field; because mediocrity sits in the seats of genius; and the soldiers of routine are left to follow their own interests by protracting a war which the interests of humanity and the honour of the allied powers demand to have been deserved. England, said the should be speedily ended. The mere pro- venerable warrior who has but so lately fessional soldier, who fights by the stop-been withdrawn from the ranks of the watch, and who would rather not win a living, cannot embark in a little war. We battle unless the victory was obtained in would add, that England must not conduct strict accordance with military art and war in a little manner; but when she has etiquette, urges, in excuse for the inaction made great preparations for a noble cause, of the allies, that the marshes of the Danube millions of English voices will demand that are unhealthy; that to lead the armies her resources be not wasted in inaction, and there would be to expose the lives of the her soldiers left to die of disease instead of men to sickness; and that, therefore, such being led to victory! a step would not have been prudent. We We mentioned the blockade of the mouths cannot pass a certain judgment on this of the Danube by the allied fleets; and we point, but to us the objection sounds like have now to record a melancholy accident in the ready excuse of timidity or indolence. connexion with that event. During the Not as regards the soldiers of France and month of July (on the 8th), the Russian England: they are brave enough; that has works at the Sulina mouth of the Danube been proved again and again, and they are were bombarded by the English steam-friknown to have manifested a great desire to gates, partially destroyed, and taken posseshurry to the scene of action, and mingle in sion of. The English then set to work and the honourable struggle. The charge of repaired the Russian batteries, that they timidity or indolence does not attach to might be used against the enemy if necesthem, but to the mysterious restraining sary. The allies also occupied themselves power that withheld them; to the obse-in removing certain vessels which the Rusquious policy which, even after the sword sians had sunk in the mouth of the Danube, was drawn, would fain persuade the czar to and the navigation of the river was thrown forego the rich territory he had marked out open. After this necessary proceeding, the for his prey, and act with peaceful modera- Russian steam flotilla, which had hitherto tion for the future; to those who trust, occupied the river in defiance of the allies, against all reason, to the hollow forms of a wandered up and down almost in despair of rotten diplomacy which has failed again and safety. again, instead of depending on the might of two great and willing nations to set the wrong right, and with one swift, sudden, deadly blow, smite down the arrogant injustice of barbarism. What, we would ask, was gained by not exposing the allied troops to the sickness said to prevail in Bulgaria and Wallachia? Did not the diseases engendered by idleness, by bad food, and exposure to a foreign climate, fall like a pestilence upon the allied forces? It will soon be our duty to relate the work of the deadly and unsparing cholera upon those brave men who pined in vain for action, and who perhaps in the excitement roused by it, might perhaps have escaped a visitation which, in its inscrutable attacks and subtle withering influence, robs even those who escape with life of their spirit and hardihood, and (to use the usual technical though not very explanatory term) demoralises an army. We know that apologists for the course pursued by the allied govern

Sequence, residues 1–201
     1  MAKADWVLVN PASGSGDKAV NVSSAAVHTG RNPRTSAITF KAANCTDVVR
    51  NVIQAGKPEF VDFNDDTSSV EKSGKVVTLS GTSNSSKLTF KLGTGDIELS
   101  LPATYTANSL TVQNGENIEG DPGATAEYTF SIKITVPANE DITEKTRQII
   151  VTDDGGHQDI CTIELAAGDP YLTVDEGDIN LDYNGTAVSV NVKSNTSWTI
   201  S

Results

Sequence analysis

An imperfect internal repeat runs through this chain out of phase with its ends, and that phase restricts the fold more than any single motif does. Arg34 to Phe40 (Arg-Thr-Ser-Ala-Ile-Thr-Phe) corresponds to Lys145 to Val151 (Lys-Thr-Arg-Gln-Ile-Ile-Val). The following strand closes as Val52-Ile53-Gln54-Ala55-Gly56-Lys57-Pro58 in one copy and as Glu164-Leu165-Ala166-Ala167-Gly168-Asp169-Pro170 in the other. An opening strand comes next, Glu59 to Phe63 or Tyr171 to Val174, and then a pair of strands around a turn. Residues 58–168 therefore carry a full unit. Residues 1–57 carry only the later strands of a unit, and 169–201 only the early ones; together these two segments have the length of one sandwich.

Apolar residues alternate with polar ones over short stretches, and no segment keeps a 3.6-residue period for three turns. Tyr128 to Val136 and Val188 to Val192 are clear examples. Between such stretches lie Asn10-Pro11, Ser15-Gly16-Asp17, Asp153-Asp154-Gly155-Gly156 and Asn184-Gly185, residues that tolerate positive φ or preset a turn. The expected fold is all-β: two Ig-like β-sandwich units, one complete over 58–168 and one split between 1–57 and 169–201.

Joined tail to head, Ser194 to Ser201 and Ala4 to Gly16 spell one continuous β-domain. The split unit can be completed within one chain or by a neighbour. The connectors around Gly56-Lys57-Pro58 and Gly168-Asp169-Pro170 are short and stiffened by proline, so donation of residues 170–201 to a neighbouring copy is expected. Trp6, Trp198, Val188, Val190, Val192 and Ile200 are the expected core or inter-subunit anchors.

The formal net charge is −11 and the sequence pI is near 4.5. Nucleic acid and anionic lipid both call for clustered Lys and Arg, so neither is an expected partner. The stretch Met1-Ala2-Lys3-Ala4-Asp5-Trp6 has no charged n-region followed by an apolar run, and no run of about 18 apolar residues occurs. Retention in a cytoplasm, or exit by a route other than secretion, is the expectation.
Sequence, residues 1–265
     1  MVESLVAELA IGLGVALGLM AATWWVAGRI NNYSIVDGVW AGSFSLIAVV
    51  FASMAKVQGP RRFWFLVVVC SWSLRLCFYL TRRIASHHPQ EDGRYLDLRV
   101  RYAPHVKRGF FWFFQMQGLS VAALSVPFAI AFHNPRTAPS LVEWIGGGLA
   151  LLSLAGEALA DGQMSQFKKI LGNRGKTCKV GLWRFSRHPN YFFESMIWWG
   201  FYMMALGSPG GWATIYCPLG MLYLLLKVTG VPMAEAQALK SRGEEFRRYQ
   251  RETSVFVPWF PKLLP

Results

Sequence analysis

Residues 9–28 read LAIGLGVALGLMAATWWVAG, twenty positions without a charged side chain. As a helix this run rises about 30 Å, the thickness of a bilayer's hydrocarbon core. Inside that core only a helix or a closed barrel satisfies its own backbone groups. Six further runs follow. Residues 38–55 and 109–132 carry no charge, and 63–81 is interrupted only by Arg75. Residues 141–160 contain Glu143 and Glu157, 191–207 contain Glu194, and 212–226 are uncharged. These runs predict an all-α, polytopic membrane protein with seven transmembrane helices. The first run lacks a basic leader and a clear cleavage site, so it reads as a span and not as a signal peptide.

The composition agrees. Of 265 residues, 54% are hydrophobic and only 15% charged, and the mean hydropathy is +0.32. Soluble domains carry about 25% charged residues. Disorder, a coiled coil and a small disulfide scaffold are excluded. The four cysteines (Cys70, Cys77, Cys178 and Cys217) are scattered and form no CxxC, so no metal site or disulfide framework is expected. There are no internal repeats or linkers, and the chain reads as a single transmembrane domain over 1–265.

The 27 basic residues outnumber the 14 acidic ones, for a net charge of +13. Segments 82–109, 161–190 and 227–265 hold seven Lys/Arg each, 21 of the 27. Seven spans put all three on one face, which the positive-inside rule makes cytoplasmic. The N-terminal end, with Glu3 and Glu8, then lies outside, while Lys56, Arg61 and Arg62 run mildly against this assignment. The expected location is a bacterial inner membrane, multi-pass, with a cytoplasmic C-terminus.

ments have been found in scores; but we know that many writers of the public press have appealed to the public for forbearance when they have themselves deemed censure
After the capture of Sulina, many of our thoughtless seamen supposed that the Russians had altogether abandoned the neighbourhood, and thence arose a degree of confidence or negligence that led to a fatal result. On the 7th of July, Captain Parker, of the Firebrand, planned a little excursion up the river, for the purpose of destroying some works that were occupied by the Russians. Accordingly he entered his gig, and pulled up the stream, followed by a second boat from his own vessel, and by a third, containing Captain Powell, of the Vesuvius.
The town or village of Sulina is almost surrounded by a jungle of reeds, where stockades had been formed for the defence of the place by the enemy. These reeds are so high, that they conceal both men and horses from the view of any one ascending the stream by a boat, and consequently furnish shelter from which a stubborn enemy could harass troops whom he did not feel